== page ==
Venice: Bernardinus Stagninus de Tridino, April 10, 1486. Fifth edition. Folio (309 x 214 mm). Collates: a2-p8, q-r6, aa-mm8, [2 leaves]: 229 of 230 leaves, complete but for the initial blank. Gothic type in double columns, seventy lines plus headline, capital spaces with guide letters. Two leaves in the final signature rubicated in red. Bound in contemporary blindstamped pigskin over wooden boards with two clasps, paper spine label. Binding holding well, but soiled and with many small wormholes. Tear to leaf ee2 neatly repaired. A few leaves with light marginal damstaining, a few pinpoint wormholes throughout, otherwise a clean and well-margined copy. A few leaves with contemporary marginal annotations. Housed in a custom clamshell case.
The third and last part of Aquinas' great theological synthesis. The work remained unfinished and was added with the 'Supplementum' by his companion and friend Reginald de Privorno. This edition is a reprint of J. Manthen's 1478 edition, the first to contain the 'Supplementum'. According to BMC, the type of the present edition appears in no others. The founder of Thomist philosophy, Aquinas used his writings, "particularly the Summa Theologiae and the Summa Contra Gentiles to synthesize reason and faith, philosophy and theology, university and monastery, and activity and contemplation. In his writings, however, faith and theology ultimately took precedence over reason and philosophy because the former were presumed to give access to the real" (Britannica). Aquinas' attempts to bring reason and faith into dialogue has shaped Catholic thinking in the long run, tapping into key questions about how humans can access truth.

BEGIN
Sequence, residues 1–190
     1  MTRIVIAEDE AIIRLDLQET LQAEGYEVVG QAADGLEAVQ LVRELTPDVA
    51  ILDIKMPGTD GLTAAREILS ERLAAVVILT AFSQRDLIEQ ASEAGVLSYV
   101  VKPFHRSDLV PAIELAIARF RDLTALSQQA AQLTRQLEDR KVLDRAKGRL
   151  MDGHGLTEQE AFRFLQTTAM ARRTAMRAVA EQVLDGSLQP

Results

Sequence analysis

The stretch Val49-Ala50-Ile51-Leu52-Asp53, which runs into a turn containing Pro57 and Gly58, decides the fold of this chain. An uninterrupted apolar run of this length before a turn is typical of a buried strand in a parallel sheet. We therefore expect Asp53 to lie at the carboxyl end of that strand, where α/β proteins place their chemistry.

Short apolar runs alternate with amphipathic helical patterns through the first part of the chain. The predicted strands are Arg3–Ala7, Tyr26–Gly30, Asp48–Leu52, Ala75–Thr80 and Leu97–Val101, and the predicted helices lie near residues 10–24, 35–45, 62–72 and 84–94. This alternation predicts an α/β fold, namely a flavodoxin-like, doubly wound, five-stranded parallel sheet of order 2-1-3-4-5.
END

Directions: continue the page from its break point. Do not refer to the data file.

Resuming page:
BMC V, p. 364. Goff T-222. Hain *1470. Polain 3759. PMM, 30 (for the first edition). Proctor 4826. (Item #2615)